Days after winning Israel's election, Prime Minister Benjamin Netanyahu appears to be backtracking from hard-line statements that ruled out the establishment of a Palestinian state.
Mr Netanyahu has said in a TV interview that he remains committed to Palestinian statehood - if conditions in the region improve. He told MSNBC: "I haven't changed my policy."
During the final days of the campaign, Mr Netanyahu said he would not agree to establish a Palestinian state in the current climate - a position that drew heavy criticism from Washington. The two-state solution is a key US foreign policy objective.
Mr Netanyahu said he believes Israel cannot yield captured land to the Palestinians because it will be taken over by Islamic extremists, but said he would support Palestinian independence if circumstances change.
Mr Netanyahu said in today's interview that he remains committed to Palestinian statehood - if conditions in the region improve. He said he remains committed to the vision first spelled out in a landmark speech at Israel's Bar Ilan University in 2009.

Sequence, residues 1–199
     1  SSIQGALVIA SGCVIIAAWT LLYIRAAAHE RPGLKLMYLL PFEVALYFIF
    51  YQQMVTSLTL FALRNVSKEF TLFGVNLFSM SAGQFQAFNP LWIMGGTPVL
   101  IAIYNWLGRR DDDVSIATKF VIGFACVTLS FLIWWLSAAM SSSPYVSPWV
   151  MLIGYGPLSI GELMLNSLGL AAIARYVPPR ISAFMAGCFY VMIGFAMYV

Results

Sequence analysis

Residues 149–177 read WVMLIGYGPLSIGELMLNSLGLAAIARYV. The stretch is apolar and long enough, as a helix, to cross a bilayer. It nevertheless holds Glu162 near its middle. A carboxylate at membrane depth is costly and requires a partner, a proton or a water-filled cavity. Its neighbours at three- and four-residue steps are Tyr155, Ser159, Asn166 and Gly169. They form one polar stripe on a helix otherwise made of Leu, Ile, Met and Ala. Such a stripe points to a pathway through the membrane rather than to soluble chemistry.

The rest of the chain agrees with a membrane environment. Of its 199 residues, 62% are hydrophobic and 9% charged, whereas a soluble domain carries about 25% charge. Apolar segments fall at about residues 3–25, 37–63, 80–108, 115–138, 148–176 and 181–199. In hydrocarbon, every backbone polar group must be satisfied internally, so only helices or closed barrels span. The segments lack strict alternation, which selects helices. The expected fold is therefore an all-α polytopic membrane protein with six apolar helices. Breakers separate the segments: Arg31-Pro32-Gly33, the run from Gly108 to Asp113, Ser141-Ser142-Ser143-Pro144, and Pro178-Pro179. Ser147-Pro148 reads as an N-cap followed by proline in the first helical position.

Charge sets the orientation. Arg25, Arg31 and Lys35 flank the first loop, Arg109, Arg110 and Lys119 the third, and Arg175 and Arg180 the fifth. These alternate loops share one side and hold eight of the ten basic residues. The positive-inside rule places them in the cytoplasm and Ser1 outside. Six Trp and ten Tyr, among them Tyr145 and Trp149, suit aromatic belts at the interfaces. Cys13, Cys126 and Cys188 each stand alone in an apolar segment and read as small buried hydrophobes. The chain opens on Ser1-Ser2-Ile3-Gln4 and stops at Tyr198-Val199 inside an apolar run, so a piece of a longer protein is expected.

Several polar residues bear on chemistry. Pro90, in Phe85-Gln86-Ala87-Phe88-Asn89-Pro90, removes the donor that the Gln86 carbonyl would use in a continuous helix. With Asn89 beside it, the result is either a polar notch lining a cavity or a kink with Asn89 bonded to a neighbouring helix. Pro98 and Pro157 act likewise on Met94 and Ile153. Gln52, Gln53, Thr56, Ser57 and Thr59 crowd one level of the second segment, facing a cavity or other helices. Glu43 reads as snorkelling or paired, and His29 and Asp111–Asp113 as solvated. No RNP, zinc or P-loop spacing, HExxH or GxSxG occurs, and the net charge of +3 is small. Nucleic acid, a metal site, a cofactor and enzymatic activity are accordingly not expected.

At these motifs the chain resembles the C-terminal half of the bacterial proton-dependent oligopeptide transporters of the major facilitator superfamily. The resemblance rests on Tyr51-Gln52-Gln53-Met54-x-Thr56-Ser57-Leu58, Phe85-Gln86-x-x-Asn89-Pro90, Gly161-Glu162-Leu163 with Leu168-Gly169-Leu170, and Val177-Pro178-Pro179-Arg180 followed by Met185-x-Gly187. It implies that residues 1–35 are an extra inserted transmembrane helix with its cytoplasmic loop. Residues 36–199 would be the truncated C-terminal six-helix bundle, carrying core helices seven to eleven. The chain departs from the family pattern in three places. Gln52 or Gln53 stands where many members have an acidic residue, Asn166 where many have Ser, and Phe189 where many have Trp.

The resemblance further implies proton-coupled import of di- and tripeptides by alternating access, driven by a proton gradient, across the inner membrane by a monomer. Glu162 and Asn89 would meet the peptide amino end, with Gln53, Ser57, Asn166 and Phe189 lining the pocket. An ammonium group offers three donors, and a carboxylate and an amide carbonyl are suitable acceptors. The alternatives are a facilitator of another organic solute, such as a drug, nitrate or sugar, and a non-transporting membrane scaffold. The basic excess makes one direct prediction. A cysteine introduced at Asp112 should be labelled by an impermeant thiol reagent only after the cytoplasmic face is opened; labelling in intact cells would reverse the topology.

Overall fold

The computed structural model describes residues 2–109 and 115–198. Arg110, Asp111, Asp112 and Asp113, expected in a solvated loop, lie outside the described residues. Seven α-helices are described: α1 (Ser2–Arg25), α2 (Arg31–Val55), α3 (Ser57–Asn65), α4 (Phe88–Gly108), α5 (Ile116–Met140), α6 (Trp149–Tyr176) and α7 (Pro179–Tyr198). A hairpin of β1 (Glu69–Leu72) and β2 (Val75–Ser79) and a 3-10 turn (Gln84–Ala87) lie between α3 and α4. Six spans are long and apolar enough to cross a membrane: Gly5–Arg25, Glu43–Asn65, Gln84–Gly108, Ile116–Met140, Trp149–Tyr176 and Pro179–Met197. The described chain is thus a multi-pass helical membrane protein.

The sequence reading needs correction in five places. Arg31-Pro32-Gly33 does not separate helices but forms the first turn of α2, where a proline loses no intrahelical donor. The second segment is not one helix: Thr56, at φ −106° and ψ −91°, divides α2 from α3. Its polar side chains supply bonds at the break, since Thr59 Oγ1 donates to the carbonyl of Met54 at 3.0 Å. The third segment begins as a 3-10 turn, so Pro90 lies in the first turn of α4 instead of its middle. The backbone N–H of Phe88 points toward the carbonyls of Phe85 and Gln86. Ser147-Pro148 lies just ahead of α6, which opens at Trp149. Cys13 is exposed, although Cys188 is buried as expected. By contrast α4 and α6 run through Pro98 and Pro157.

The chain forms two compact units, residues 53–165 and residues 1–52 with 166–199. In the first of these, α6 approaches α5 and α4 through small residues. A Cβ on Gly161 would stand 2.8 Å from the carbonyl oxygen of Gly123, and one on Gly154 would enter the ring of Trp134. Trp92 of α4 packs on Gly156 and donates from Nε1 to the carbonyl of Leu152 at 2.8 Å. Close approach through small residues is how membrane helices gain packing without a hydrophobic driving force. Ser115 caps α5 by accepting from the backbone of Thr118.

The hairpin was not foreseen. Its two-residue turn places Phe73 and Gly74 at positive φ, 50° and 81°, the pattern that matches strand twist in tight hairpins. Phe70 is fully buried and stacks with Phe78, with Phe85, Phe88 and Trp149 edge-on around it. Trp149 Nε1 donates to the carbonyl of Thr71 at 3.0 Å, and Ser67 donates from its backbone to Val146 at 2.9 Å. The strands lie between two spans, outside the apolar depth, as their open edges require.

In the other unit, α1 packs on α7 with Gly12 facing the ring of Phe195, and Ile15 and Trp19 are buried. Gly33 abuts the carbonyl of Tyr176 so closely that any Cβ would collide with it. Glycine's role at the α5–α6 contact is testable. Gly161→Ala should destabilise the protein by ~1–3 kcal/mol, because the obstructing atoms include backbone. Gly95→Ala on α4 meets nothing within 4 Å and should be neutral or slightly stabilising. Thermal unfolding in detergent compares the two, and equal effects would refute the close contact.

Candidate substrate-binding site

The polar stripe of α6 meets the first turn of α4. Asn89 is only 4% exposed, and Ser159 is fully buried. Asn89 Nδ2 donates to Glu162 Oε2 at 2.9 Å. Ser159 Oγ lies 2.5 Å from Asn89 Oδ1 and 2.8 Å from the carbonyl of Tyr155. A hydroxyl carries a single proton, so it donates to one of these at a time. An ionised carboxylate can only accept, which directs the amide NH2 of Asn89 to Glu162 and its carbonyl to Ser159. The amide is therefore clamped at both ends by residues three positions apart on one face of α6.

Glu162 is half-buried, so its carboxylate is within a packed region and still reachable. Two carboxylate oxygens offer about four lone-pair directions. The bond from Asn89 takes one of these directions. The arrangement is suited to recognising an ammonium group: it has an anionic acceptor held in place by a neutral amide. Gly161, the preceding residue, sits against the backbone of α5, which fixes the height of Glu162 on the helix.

"I haven't changed my policy," he said. "I never retracted my speech."
At the time, he said he would agree to a demilitarised Palestinian state which recognises Israel as the Jewish homeland. Palestinian President Mahmoud Abbas has refused to offer such recognition, and last year formed a unity government backed by the Hamas militant group. Hamas is sworn to Israel's destruction.
In the interview, Mr Netanyahu also pointed to the presence of hostile Islamic groups across the region and said that any captured territory handed over to Mr Abbas would be taken over by militants. Hamas seized control of the Gaza Strip in 2007, shortly after Israeli withdrew.
"I don't want a one-state solution, I want a sustainable peaceful two-state solution, but for that circumstances have to change," Mr Netanyahu said. "And every territory that is vacated in the Middle East is taken up by Islamist forces."
A day before the election Mr Netanyahu told the nrg news website that a Palestinian state would not be established on his watch because of the current climate in the region.
"Whoever ignores that is burying his head in the sand. The left is doing that, burying its head in the sand time after time," he said in the video interview. When asked if that means a Palestinian state will not be established if he is elected, he replied: "Indeed."
The remarks drew heavy criticism from Washington, which said it was re-evaluating its options after Mr Netanyahu's hardline comments.